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Senate expense investigation comes under fire

Senator Mike Duffy leaves a meeting of the Senate Internal Economy, Budgets and Administration committee on Parliament Hill Thurday May 9, 2013 in Ottawa.


The practice of senators investigating senators is under fire after a committee required three members of the Red Chamber to repay tens of thousands of dollars in expenses but opted not to refer the matter to police.

Opposition politicians expressed outrage over the probe of the controversial expense claims, which was led by Conservative and Liberal senators on the Board of Internal Economy with assistance from independent auditors, because it also appeared that the Conservative committee chair gave his caucus colleague Mike Duffy an opportunity to correct some potentially embarrassing expenses before the final reports were released.

Using Mr. Duffy's cellphone records, auditors reporting to the committee discovered that the PEI senator claimed $87.55 a day over a 12-day period in January, 2012, for working in Ottawa when he was in Florida.

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In a letter, Mr. Duffy wrote that he would repay the $1,050.60 in expenses – which he attributes to an administrative mistake – in April after a conversation with David Tkachuk, the Conservative chair of the board.

Mr. Tkachuk wrote in an e-mail on Thursday that Mr. Duffy had already made the repayment when the conversation took place.

That same week in April, Mr. Duffy announced he had repaid $90,172.24. The committee said on Thursday that the amount was correct and that no more is required. It also ordered Independent Senator Patrick Brazeau to repay $48,744 and Senator Mac Harb to repay $51,482.

Asked why the audits were not referred to police, Marjory LeBreton, the government leader in the Senate, said the rules lack clarity.

"They [the auditors] did in fact acknowledge that some of the rules with regard to expense claims were unclear. They are no longer going to be unclear," she said.

She added that a committee member asked the auditors if they thought further action was required and was told no.

NDP MP Alexandrine Latendresse questioned how everything can be fine as long as the three senators return the money.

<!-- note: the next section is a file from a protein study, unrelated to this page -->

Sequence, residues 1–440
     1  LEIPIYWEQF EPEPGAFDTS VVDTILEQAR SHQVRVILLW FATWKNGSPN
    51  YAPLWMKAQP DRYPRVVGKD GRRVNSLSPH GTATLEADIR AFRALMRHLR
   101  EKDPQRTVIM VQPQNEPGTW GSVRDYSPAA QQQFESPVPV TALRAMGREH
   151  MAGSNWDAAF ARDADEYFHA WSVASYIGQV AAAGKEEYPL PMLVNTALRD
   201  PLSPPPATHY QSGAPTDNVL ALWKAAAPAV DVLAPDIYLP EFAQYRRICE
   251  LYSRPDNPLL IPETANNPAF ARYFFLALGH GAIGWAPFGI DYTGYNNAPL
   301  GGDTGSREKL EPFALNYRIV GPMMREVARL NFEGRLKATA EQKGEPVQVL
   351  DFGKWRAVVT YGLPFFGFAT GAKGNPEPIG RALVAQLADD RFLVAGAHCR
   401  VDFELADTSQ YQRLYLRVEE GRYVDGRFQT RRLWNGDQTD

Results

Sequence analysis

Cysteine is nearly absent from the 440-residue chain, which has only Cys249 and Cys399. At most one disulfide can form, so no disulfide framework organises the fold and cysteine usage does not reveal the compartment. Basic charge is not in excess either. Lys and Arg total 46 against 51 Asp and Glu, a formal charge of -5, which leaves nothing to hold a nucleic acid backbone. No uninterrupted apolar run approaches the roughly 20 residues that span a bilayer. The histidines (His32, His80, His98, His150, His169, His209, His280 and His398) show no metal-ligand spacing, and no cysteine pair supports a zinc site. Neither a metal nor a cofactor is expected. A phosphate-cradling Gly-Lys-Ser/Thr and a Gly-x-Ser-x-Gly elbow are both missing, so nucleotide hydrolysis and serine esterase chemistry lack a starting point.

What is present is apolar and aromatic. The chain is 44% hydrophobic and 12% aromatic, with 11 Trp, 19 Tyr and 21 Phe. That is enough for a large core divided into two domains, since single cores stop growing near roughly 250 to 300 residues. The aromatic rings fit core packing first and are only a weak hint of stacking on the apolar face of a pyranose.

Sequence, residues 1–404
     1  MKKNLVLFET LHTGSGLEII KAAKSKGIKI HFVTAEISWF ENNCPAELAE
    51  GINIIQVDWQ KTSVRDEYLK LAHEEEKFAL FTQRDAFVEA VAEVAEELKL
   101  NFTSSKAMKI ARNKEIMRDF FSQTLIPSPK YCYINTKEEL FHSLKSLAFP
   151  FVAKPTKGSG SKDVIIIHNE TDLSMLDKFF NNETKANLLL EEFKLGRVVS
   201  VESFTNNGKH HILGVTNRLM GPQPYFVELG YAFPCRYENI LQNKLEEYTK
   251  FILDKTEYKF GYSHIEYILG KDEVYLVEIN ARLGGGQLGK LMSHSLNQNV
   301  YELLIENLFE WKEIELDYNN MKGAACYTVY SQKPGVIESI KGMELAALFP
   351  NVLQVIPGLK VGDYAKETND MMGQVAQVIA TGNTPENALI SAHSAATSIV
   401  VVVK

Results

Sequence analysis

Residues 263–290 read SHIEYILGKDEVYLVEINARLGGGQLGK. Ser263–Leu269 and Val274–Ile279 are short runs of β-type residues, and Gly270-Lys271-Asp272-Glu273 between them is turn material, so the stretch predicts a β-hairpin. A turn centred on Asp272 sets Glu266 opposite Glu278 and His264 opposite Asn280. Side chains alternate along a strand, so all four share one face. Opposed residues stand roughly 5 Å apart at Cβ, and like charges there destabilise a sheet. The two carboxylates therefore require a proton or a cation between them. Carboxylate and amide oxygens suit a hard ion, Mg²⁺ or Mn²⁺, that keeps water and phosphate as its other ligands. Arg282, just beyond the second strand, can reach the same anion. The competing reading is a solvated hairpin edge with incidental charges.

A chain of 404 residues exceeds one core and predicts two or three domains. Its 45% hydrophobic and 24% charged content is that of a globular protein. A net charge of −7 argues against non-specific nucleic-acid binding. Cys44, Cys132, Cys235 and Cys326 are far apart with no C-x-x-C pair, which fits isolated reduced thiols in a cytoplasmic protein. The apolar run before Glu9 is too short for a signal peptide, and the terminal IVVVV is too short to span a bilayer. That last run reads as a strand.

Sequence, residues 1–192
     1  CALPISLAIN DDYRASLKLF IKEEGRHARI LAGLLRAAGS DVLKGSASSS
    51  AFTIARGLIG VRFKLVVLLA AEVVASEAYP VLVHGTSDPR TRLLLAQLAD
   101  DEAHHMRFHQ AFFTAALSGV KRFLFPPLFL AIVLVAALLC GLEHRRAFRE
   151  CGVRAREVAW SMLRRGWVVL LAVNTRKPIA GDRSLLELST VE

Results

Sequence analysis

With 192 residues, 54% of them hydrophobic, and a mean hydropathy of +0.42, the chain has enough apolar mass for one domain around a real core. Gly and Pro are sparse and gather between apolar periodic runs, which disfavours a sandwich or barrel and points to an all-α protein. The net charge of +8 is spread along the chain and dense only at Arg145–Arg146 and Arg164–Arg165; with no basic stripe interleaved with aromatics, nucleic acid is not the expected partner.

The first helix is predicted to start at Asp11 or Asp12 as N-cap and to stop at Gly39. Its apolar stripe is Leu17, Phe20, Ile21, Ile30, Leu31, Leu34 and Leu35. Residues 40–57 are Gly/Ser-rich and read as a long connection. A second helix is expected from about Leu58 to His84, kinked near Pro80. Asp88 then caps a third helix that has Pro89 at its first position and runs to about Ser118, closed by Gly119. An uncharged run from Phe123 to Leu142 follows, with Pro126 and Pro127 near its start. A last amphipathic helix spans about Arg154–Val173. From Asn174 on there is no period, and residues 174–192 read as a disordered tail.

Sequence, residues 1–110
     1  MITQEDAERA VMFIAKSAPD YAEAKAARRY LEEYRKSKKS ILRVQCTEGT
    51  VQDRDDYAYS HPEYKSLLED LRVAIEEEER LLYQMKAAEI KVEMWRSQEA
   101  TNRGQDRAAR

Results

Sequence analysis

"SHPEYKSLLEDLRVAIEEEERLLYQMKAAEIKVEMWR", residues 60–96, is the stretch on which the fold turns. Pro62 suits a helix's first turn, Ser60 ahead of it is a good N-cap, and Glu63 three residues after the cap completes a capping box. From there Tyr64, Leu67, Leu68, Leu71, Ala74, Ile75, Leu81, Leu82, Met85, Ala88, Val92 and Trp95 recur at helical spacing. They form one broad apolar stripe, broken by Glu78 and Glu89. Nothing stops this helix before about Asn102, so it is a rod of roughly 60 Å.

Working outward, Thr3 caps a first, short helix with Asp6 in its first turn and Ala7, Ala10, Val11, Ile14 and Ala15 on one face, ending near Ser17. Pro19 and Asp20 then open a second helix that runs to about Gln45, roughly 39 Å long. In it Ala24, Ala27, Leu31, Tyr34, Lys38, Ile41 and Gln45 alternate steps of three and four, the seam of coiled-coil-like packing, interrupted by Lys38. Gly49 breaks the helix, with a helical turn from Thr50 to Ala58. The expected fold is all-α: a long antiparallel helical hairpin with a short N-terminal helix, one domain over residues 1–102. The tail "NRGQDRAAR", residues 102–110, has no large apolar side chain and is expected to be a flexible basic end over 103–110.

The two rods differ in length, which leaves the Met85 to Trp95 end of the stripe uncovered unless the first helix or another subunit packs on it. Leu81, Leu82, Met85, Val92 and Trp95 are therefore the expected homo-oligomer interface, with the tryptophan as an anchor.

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"I think it's clear enough that there seems to be the appearance of fraud and it really demands more investigation," she said on Thursday. "I think it's a matter for the RCMP."

James Cowan, leader of the Senate opposition, said now that the reports are public, police can review them if appropriate.

NDP Leader Thomas Mulcair called the process a "bogus investigation by [the Prime Minister's] handpicked cronies in the Senate."

Ms. LeBreton said Mr. Brazeau and Mr. Harb would be expected to repay the money they owe immediately "or the Senate will take the necessary steps to seize these funds."

Mr. Harb could be on the hook for much more. The initial payback covers a two-year period ending March 31, 2013. The committee has asked for a review of Mr. Harb's expenses for seven previous years.

Mr. Harb, who announced he was quitting the Liberal caucus on Thursday, rejects the findings and has retained former Supreme Court justice Michel Bastarache to challenge the investigation.

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Senate rules allow members to collect as much as $22,000 a year to cover the cost of living in the National Capital Region if their primary residence is more than 100 kilometres away. All three senators claimed their primary residence is outside the 100-kilometre radius, but media reports suggest they spend most of their time at their Ottawa-area homes.

The audits found that while Mr. Harb claimed his principal residence was in Westmeath, Ont., about 140 kilometres west of Ottawa, he was there only about 21 per cent of the time. Mr. Brazeau claimed his principal residence was in Maniwaki, Que. – about 135 kilometres north of Ottawa – yet auditors found he spent only about 10 per cent of his time there. Mr. Duffy claimed his primary residence was in Cavendish, PEI, yet auditors found he was in PEI for 30 per cent of the time and in Ottawa 54 per cent.

They also reveal that Mr. Duffy was not co-operative during the investigation and failed to meet with auditors or provide them with some of the documents they requested.

Conservative Senator Pamela Wallin is facing a separate audit of her travel expenses, which is expected to take longer to resolve.

The expense controversy has contributed to growing calls for reform in the Red Chamber, where senators are appointed on the advice of the prime minister and allowed to sit until their retirement. The government has referred questions about Senate reform to the Supreme Court of Canada.

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About the Authors
Parliamentary reporter

A member of the Parliamentary Press Gallery since 1999, Bill Curry worked for The Hill Times and the National Post prior to joining The Globe in Feb. 2005. Originally from North Bay, Ont., Bill reports on a wide range of topics on Parliament Hill, with a focus on finance. More

Parliamentary reporter

Kim Mackrael has been a reporter for The Globe and Mail since 2011. She joined the Ottawa bureau Sept. 2012. More


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